Bob

T'Girl December 13 2012 02:48 PM

Re: Bussard Collectors could actually be useful at warp speed?
 
Quote:

KamenRiderBlade wrote: (Post 7389112)
No matter how good your impulse engine is, you cannot go FTL without activating warp engines.

That would depend on how the impulse engine works.

Is it just a sophisticated fusion rocket engine? Or is it a "baby" warp drive of some sort, optimized for slower than light travel, but capable of minor FTL in a pinch?

The latter would make the Enterprise's ability to reach Delta Vega is WNMHGB easier to understand.

:)

KamenRiderBlade December 13 2012 08:26 PM

Re: Bussard Collectors could actually be useful at warp speed?
 
http://en.memory-alpha.org/wiki/Impulse_drive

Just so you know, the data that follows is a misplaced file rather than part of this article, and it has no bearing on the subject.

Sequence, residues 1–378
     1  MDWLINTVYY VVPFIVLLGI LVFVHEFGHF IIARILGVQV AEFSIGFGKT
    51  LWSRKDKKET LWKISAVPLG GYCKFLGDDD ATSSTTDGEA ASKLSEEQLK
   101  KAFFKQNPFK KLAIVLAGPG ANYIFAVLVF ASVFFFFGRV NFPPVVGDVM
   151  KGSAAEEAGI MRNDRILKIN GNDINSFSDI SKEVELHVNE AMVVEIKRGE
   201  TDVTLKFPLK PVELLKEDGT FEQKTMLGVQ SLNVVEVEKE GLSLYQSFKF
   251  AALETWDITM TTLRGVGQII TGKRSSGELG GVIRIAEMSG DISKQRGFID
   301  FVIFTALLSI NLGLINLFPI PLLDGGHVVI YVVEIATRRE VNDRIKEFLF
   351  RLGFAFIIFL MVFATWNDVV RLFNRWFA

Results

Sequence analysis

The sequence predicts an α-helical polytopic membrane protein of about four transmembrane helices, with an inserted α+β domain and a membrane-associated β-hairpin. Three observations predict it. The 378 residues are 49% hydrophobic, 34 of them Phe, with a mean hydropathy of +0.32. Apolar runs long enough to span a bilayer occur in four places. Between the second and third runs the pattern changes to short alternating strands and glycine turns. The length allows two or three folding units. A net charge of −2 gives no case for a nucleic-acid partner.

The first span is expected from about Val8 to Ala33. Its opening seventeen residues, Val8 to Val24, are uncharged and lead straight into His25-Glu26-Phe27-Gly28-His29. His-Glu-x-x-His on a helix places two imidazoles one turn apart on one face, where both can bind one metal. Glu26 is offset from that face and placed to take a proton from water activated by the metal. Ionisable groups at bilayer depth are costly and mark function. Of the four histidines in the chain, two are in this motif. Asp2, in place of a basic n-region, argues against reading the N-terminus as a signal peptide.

Fusion Rocket that shoots out Plasma

Santaman December 13 2012 10:14 PM

Re: Bussard Collectors could actually be useful at warp speed?
 
^^ Fusion reactor that first of all powers the driver coil assembly and then exhausts the hot reactant matter, its a baby warp drive, there's no other way to have it accelerate a star ship that fast with such little amounts of fuel, the exhaust itself doesn't do much at all else Ent-E would blow the nacelles from their pylons everytime they use the impulse engines.

GalacticWierdo December 14 2012 08:19 AM

Re: Bussard Collectors could actually be useful at warp speed?
 
So what I was thinking about with the collectors: